Tourists visiting the interior of the Pantheon in Rome stand in the spotlight projected onto the marble floor, on June 17, 2022.

Alessandra Tarantino – AP

But we’ve been here before. In fact, the idea of ​​revenge travel first appeared before the summer of 2021, when everyone thought the worst was over and the world would open up again soon. In many ways, I did. Domestic travel in many places rose to nearly 90% of its 2019 rates that summer, and as MMGY senior analyst Leanne Hill noted, tourists spent unusually large sums that were, she says, “largely targeted for revenge.” But slow vaccine release and adoption rates, along with a large number of ever-changing travel restrictions and newly emerging virus variants, ultimately hampered expectations. International tourism was 67% lower in July 2021 than in the same month in 2019.

This time around, the obstacles to realizing travel fantasies, revenge and otherwise, aren’t related to the virus (all experts consulted with TIME agreed there was less tolerance for more shutdowns and restrictions) than the other ills featured in Awake. “Inflation and understaffing are the two-headed monster threatening the travel revival this summer,” says Goodger of Tourism Economics.

Staff shortages began in service across Europe. Many hotels have responded by automating aspects such as check-in, and cutting back on once-routine benefits such as daily room cleaning. Restaurants from Copenhagen to Madrid have reduced their opening hours, and in some cases closed their doors completely. But perhaps the impact of shortages on travelers is not most evident in the scenes of chaos emerging from airports across Europe and the US: flight cancellations, long waits for baggage that often never quite show up, leading to agonizing queues through security. “Demand is growing much faster than companies, having laid off workers during the pandemic, have been able to hire for it,” Goodger says.

A couple sunbathe as tourists watch in the background at Cais das Colunas in Lisbon, Portugal on May 19, 2022.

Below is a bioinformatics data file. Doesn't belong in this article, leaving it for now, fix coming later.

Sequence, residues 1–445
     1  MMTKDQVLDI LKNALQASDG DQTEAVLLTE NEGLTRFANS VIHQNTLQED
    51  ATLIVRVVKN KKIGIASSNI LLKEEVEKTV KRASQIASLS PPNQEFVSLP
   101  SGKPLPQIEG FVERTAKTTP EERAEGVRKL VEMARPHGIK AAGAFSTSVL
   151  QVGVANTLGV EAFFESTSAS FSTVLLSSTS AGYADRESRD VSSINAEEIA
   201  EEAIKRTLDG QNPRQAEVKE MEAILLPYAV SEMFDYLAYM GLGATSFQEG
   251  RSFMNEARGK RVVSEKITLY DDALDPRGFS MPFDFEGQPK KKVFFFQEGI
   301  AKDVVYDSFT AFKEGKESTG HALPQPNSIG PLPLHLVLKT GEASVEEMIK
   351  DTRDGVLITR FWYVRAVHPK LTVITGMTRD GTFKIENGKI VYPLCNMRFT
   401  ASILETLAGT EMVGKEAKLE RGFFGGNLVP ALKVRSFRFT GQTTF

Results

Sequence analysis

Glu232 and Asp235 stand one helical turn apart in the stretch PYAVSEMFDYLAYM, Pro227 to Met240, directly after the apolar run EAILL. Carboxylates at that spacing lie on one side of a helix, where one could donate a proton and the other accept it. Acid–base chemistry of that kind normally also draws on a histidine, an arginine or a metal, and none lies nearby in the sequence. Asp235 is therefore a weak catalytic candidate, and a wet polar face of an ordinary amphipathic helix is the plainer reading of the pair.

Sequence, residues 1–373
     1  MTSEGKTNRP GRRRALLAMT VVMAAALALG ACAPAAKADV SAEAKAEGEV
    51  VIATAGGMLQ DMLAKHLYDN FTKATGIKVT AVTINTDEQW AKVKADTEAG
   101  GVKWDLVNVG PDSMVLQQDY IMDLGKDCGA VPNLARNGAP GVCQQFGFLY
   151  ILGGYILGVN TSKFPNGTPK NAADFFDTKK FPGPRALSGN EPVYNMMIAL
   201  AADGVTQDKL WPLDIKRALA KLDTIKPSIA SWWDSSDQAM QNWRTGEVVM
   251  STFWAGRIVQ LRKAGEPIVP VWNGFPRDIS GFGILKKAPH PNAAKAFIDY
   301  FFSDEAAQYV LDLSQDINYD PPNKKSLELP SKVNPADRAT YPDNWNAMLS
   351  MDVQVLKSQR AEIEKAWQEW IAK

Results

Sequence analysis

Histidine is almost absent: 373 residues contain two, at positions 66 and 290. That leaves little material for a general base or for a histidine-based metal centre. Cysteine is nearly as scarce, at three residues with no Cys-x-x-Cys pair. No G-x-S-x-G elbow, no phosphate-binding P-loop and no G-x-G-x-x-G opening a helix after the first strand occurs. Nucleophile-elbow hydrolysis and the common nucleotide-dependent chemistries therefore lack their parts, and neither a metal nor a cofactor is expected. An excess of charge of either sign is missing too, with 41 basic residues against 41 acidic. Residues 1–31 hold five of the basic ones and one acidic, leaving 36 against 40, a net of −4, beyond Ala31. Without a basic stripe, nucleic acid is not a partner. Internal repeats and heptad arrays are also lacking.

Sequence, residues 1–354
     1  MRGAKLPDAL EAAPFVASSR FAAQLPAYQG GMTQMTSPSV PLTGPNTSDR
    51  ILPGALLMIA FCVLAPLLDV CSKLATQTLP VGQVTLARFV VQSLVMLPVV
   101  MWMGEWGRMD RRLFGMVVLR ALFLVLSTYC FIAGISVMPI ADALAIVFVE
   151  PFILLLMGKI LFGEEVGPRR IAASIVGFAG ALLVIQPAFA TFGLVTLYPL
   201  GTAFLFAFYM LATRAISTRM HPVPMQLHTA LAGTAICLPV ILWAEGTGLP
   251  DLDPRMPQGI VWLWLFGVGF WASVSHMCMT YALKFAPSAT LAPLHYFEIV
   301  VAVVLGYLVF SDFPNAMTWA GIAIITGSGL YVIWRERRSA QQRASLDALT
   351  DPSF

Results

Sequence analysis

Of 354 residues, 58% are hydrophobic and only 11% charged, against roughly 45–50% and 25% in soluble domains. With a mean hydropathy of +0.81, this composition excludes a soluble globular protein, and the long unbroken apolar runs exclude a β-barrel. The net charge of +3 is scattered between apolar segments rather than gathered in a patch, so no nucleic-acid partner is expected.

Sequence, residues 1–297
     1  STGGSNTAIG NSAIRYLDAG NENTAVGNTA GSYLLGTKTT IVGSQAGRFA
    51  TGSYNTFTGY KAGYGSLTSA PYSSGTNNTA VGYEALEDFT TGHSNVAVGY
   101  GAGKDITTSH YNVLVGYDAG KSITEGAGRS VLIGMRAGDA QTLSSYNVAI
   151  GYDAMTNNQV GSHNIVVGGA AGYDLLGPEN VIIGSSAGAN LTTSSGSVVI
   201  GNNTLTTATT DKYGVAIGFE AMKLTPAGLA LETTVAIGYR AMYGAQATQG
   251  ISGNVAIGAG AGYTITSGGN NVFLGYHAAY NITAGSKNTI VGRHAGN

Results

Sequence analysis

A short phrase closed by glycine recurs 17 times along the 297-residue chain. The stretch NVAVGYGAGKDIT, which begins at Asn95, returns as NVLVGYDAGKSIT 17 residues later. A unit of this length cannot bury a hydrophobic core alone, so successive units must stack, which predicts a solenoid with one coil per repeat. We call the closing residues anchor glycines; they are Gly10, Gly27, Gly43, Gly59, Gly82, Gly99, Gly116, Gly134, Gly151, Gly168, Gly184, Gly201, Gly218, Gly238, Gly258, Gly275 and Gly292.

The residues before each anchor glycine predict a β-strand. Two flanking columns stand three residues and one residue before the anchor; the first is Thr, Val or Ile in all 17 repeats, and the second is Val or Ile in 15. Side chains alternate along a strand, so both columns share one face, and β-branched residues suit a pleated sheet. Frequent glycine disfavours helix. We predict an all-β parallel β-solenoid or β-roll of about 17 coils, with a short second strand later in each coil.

Horacio Villalobos — Corbis / Getty Images

And although American travelers, according to MMGY estimates, plan to spend an average of $600 more per trip than they did a year ago, it’s unclear, says analyst Hill, “whether this is due to increased costs or a general desire to spend more.” . She adds that there are clear indications that inflation is starting to hurt. “We’re starting to see travel intentions erode a little bit, particularly among travelers who make less than $100,000.” These concerns resonate among European travelers, according to ETC, which found that while only 7% of travelers expressed concern about inflation and costs affecting their vacations in 2021, 13% now do so. On the high end too, pricing is “definitely a real challenge,” says Drioniani of Black Tomato. “All hotel properties are still recovering and it’s not that they are trying to blackmail, but the prices are definitely worse. So it’s hard to explain and translate to clients.”

The war in Ukraine has had an effect as well, at least in countries close to the borders that, although they may not be major destinations, experienced tourism growth before the pandemic. “These countries run as smoothly as in any other country, but we saw that they had a hard time getting that message across to travelers,” says Araujo, especially when compared to the Mediterranean region which is experiencing a rapid recovery. Within Europe, he adds, recovery has “two speeds”.

A tourist stands in front of the glass pyramid of the Louvre Museum in Paris, France, June 15, 2022.

Sarah Messonnier/Reuters

All of that, and the uncertainty of COVID-19 to boot. When the US lifted the requirement for a negative test to enter the country on June 12, it spurred an immediate boom within the larger boom of US travel plans. According to MMGY, one global tour operator, Explore, saw a 12% increase in site traffic right after the news. However, within Europe, some countries still impose some restrictions, and the lack of clarity, according to ETC, has led to a weaker return of long-haul flights to Europe, including from the US; These numbers are not expected to return to 2019 levels until 2024.

However, most industry insiders are optimistic about the summer ahead. And even more than revenge, it may be due to another emotion generated by the pandemic: resilience. “You hear things like, ‘Oh, people value experiments on Rolex watches, and I think that’s the reality now: people put their money into experiments,'” Droniani says. But, he adds, there’s something else at play. “After everything everyone has been through, there is not so much fear about the unknown anymore. People know that if they are due to go to London in October and for some reason London is closed or something, they know we will find out. What you see. Renewed now is that kind of inherent resilience.”